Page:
Modelling time-varying low-temperature-induced mortality rates for pupae of Tuta absoluta (Gelechiidae, Lepidoptera).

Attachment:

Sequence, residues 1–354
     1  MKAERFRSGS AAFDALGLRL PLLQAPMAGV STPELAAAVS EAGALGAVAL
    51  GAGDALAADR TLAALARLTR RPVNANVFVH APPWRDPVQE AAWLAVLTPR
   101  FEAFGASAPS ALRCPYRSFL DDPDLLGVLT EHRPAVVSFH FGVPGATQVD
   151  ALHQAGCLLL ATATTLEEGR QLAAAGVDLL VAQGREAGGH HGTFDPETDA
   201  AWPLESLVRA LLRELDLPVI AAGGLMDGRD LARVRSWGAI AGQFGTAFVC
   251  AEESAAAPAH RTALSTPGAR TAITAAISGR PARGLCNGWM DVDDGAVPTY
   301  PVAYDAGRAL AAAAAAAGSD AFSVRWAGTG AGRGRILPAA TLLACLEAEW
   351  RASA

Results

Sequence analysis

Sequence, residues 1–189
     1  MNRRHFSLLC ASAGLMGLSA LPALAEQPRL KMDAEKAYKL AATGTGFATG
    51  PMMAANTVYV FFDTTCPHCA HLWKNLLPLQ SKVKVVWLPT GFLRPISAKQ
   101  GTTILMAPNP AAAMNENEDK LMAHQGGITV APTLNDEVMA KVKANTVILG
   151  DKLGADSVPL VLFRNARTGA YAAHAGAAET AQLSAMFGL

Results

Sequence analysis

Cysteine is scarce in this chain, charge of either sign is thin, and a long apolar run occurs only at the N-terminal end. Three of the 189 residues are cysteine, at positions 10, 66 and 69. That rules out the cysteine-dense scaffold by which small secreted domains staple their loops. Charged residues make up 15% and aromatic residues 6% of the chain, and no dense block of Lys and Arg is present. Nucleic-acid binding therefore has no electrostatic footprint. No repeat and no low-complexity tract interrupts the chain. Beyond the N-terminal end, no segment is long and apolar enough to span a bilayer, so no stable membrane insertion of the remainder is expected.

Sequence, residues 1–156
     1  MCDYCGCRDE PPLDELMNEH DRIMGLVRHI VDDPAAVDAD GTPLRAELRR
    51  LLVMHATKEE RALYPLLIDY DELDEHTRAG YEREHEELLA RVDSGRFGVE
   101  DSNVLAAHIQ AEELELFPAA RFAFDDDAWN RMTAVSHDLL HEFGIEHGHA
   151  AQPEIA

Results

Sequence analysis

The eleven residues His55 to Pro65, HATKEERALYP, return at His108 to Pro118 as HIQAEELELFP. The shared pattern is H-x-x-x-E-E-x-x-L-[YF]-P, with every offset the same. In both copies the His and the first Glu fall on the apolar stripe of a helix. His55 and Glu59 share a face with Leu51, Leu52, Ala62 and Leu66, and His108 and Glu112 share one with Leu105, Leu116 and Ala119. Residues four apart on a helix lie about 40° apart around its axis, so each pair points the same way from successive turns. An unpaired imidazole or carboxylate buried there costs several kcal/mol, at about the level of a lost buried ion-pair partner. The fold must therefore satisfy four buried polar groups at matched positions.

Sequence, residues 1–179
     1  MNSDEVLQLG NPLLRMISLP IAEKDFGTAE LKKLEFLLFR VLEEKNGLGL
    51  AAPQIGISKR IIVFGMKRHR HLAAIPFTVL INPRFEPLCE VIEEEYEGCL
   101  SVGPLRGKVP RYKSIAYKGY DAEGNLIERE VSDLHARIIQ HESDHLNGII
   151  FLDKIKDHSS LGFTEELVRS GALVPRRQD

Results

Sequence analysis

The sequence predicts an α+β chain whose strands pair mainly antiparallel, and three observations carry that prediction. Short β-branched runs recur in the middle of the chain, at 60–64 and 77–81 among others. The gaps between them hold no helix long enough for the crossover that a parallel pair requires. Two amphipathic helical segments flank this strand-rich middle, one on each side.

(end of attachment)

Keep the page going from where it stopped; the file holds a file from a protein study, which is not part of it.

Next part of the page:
In a series of laboratory experiments, acclimated pupae of Tuta absoluta were exposed to various constant low temperatures in order to estimate their maximum survival times (Kaplan-Meier, Lt99.99). A Weibull function was fitted to the data points, describing maximum survival time as a function of temperature. In another experiment at -6°C, the progress of mortality increasing with exposure time was identified. These values were fitted by a sigmoidal function converging asymptotically to 100% mortality for very long exposure times. Analysing mortality data from the maximum survival experiment by a generalized linear model showed a significant common slope parameter (p<.001) that reveals parallelism of the survival curves at each temperature if a log time axis is used. These curves appear stretched (time scaled) if plotted with a nonlogarithmic time axis. By combining these mathematical relations, it was possible to calculate a species-specific 'mortality surface' which exhibits mortalities, depending on temperature and duration of exposure. In order to accumulate hourly mortalities for courses of varying temperatures, an algorithm was developed which yields mortality values from that surface taking into account the attained mortality level. In validation experiments, recorded mortalities were compared against modelled mortalities. Prediction of mortality was partially supported by the model, but pupae experiencing intensely fluctuating temperatures showed decreased mortality, probably caused by rapid cold hardening during exposure. Despite this observation, mortality data converged to distinct levels very close to 100% depending on the intensity of temperature fluctuations that were characteristic for different types of experiments. The highest mortality limit occurred at intensely fluctuating temperatures in laboratory experiments. This constituted a benchmark that was not reached under various field conditions. Thus, it was possible to identify temperature limits for the extinction of field populations of Tuta absoluta pupae.